One of the most frequent attacks your WordPress site will suffer is the brute force attack. Automated software will try and access your site by guessing your login credentials. If you let them, these programs will repeatedly try to login to your site and gain administrator access. If that happens, then your are in trouble – admin access will allow a malicious individual to do more or less whatever they want on your site. It’s not a small problem, every day there are millions of brute force attacks on WordPress sites.
Here are nine steps to harden your login page and protect your WordPress site.
Choose the right username
Don’t use admin! It’s the first user name that brute force attacks will use. It is the most common administrator username on WordPress site, and still the default for many install scripts. Knowing which username is going to give full rights to your site is a big advantage for brute force attacks, so don’t make it easy. Just create a new administrator user with another username that would be hard to predict and delete the admin user from your site.
Don’t publish posts from your admin account
Do not post any content by the administrator account. Every post may contain information about the author and Wordpress creates an author sitemap. It might make your administrator username available publicly. Use another account with lower privileges (author) to publish posts on your site.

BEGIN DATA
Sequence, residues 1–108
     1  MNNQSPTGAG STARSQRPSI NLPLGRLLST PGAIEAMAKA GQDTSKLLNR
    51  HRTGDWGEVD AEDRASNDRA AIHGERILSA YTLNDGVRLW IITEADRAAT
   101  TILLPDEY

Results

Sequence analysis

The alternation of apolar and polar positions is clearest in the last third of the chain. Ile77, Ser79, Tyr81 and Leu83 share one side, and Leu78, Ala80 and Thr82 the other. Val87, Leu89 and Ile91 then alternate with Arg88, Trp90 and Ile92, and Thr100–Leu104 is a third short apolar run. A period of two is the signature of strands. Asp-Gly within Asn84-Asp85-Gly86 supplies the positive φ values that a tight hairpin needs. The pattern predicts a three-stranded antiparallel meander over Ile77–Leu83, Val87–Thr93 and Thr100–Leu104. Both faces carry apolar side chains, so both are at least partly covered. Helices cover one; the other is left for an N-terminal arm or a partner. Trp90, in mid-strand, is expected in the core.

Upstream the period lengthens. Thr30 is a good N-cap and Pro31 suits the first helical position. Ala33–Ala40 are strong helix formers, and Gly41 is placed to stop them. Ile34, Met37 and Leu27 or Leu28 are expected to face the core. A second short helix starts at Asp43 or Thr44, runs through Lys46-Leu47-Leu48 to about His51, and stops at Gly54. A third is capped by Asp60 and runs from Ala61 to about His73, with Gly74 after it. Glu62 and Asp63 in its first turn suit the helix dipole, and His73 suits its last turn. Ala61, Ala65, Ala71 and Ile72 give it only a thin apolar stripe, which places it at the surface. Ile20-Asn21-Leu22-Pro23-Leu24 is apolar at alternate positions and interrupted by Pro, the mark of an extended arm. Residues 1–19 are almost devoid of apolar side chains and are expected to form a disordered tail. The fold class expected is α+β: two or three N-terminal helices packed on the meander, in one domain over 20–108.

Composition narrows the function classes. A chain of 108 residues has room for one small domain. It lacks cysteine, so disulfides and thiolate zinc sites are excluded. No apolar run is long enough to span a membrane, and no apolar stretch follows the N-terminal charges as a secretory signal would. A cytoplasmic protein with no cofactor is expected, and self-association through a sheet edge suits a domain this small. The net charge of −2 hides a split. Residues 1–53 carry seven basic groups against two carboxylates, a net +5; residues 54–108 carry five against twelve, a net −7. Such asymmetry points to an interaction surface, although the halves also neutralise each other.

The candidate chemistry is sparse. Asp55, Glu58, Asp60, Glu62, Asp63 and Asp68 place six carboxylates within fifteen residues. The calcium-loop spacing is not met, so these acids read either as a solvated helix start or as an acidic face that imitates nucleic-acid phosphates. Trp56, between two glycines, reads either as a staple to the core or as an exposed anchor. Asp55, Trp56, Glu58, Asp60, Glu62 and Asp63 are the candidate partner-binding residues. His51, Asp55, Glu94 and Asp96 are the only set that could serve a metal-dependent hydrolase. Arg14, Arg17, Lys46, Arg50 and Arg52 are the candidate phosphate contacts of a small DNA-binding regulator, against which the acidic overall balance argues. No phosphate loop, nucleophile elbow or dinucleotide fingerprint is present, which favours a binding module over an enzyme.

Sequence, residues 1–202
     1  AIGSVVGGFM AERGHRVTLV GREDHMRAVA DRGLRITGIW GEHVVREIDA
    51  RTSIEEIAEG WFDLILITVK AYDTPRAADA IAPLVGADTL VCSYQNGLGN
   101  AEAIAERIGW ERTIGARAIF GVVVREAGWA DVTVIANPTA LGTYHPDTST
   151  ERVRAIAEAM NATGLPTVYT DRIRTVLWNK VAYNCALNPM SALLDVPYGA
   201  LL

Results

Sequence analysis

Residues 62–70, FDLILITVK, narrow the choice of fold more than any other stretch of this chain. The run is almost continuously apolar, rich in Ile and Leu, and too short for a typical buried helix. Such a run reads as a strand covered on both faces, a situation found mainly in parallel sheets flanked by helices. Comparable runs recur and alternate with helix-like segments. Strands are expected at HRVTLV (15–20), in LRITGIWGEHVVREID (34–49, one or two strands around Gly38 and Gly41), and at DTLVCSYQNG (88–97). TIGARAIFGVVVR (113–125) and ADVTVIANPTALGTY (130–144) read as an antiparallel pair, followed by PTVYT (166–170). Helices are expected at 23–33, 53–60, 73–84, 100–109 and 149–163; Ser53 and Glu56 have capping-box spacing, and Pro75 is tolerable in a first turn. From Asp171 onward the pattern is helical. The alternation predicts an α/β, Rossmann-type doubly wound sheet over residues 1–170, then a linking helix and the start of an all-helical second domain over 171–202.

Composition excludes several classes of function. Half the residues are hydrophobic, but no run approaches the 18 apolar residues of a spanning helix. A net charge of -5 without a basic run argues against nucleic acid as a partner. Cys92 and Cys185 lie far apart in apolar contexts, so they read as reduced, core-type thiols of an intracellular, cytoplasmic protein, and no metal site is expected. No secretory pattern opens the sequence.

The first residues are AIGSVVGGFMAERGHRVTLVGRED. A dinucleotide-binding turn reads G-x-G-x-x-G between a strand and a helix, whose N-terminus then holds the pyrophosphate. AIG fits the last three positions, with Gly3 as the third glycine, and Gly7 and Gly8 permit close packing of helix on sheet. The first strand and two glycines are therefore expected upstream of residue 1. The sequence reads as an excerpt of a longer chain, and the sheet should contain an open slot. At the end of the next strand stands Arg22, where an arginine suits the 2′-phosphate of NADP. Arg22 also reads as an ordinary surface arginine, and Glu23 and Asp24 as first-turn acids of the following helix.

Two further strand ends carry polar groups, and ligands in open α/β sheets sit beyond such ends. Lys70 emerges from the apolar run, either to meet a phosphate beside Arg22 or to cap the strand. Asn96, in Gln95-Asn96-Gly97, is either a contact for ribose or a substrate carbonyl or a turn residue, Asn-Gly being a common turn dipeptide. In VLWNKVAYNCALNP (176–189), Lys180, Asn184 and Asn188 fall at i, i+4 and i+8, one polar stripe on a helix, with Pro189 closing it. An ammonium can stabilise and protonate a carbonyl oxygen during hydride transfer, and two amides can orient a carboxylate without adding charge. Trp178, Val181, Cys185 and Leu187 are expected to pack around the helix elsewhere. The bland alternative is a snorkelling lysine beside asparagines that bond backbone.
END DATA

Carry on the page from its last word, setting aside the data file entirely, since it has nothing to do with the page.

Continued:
Use strong passwords
Short passwords or weak ones compromises your WordPress security. If there are no other measures to stop brute force attacks you can protect your website just by using a secure password. A weak password is one that is short or has predictable words, number series, etc. A Strong password has a combination of lowercase and capital letters, symbols, and numbers. Recent versions of WordPress will tell you if your password is secure or not. Avoid using your name, username or any name relating to your website in your password.
Change the link to your login form
The default link for your login form on WordPress websites ends with “/wplogin”. It makes it easy for an attacker to access the form and start trying username/password combinations. By changing the default link, you’ll hide the login page from the simpler attackers and bots designed to search for login pages and forms. There are several plugins available that will allow you to make this change without any additional coding.
Using secure SSL connection
A “man in the middle” type attack, is where a malicious third party ‘listens in’ to the dialog between your site and the user. It allows eavesdropping and collection of username and password. By default, connections from users to the server are not encrypted and can be exploited by this type of attack.
Using a secure connection with SSL (Secure Socket Layer protocol) encrypts all data transmitted between the user browser and your WordPress website. It is almost impossible to intercept such secure connections and read login information sent from user to the server.